I realize, as do you, that the hospital environment is nowhere near biosafety level 4, but I want you to realize how far away it is. A live Ebola patient is an extreme biohazard, even more so than a laboratory sample. Using hospital PPE to protect against Ebola is like wearing a raincoat to protect against automatic weapon fire. Your PPE must cover 100% of your body, it must be washable with bleach, and it must actually be washed with bleach. Paper anything or disposable anything is completely insufficient protection, and if anything has a special order for taking it off, you need different PPE because nothing is safe to take off until 100% of its surface has been washed with bleach and air dried. You’d be much better off with a Tyvex suit and full-face respirator from Home Depot sealed together with duct tape (and it might be a very good time for you to go buy these). You can’t have people moving freely between spaces without decontamination or 70 people caring for one person. You need to treat it as though it will kill you if you mishandle it, period.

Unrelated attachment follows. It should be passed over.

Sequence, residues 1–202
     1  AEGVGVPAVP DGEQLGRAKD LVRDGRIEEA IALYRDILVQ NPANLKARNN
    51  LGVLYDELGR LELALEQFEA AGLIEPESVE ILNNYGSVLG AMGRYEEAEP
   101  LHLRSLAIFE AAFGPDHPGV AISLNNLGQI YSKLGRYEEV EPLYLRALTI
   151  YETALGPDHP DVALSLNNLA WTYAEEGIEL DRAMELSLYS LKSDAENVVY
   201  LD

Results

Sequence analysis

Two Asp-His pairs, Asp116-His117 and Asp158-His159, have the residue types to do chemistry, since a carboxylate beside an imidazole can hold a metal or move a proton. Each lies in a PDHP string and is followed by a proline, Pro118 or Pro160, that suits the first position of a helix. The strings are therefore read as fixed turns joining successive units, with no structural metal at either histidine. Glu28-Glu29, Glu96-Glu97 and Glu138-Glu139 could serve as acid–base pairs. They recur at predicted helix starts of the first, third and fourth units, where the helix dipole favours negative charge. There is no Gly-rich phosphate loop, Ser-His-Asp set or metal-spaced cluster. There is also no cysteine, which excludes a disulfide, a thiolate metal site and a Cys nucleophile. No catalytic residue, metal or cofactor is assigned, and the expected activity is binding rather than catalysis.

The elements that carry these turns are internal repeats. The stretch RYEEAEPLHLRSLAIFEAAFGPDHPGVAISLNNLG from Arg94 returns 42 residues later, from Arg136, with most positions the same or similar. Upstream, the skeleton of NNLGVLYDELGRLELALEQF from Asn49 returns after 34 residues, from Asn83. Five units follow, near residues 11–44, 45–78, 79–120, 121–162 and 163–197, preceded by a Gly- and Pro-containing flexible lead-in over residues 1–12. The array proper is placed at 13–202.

If you work in health care and you have not previously read The Hot Zone, a non-fiction book about Ebola outbreaks, you need to buy it and read it. Then study the protocols from Doctors Without Borders (MSF). They require things like dedicated decontamination rooms, decontamination teams spraying each others’ suits with bleach, and step-in pans of bleach solution separating rooms. They manage to do this in West Africa so we can manage to do it here. This is what the hazmat teams wear and they’re going to be fine, but you guys need to protect yourselves. You need to know more than your supervising residents or hospital administrators, because the gear and protocols they are espousing is a complete joke. Ebola is a hazardous material and you need to treat it as such to protect yourself.